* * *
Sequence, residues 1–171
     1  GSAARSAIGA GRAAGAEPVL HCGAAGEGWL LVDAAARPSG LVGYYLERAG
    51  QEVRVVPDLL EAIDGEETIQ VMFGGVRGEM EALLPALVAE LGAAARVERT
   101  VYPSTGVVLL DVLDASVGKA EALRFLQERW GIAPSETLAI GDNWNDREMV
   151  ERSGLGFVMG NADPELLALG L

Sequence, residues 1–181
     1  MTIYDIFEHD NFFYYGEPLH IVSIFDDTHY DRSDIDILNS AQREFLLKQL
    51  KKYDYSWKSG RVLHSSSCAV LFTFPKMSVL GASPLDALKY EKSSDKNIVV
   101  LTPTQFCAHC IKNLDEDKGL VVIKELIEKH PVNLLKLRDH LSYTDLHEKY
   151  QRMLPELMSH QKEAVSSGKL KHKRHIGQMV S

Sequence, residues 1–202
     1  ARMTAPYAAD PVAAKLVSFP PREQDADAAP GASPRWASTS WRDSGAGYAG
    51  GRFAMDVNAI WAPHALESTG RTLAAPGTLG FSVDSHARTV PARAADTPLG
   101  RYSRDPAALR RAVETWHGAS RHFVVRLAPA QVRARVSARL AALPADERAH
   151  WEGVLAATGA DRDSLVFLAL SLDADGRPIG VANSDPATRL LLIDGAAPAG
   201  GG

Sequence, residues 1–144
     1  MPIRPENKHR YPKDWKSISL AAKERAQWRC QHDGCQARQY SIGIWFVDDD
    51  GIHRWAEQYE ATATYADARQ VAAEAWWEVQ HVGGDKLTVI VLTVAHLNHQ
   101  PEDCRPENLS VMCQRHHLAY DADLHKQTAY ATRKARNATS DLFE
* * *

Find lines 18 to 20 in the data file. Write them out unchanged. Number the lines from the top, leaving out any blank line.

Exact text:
     1  MPIRPENKHR YPKDWKSISL AAKERAQWRC QHDGCQARQY SIGIWFVDDD
    51  GIHRWAEQYE ATATYADARQ VAAEAWWEVQ HVGGDKLTVI VLTVAHLNHQ
   101  PEDCRPENLS VMCQRHHLAY DADLHKQTAY ATRKARNATS DLFE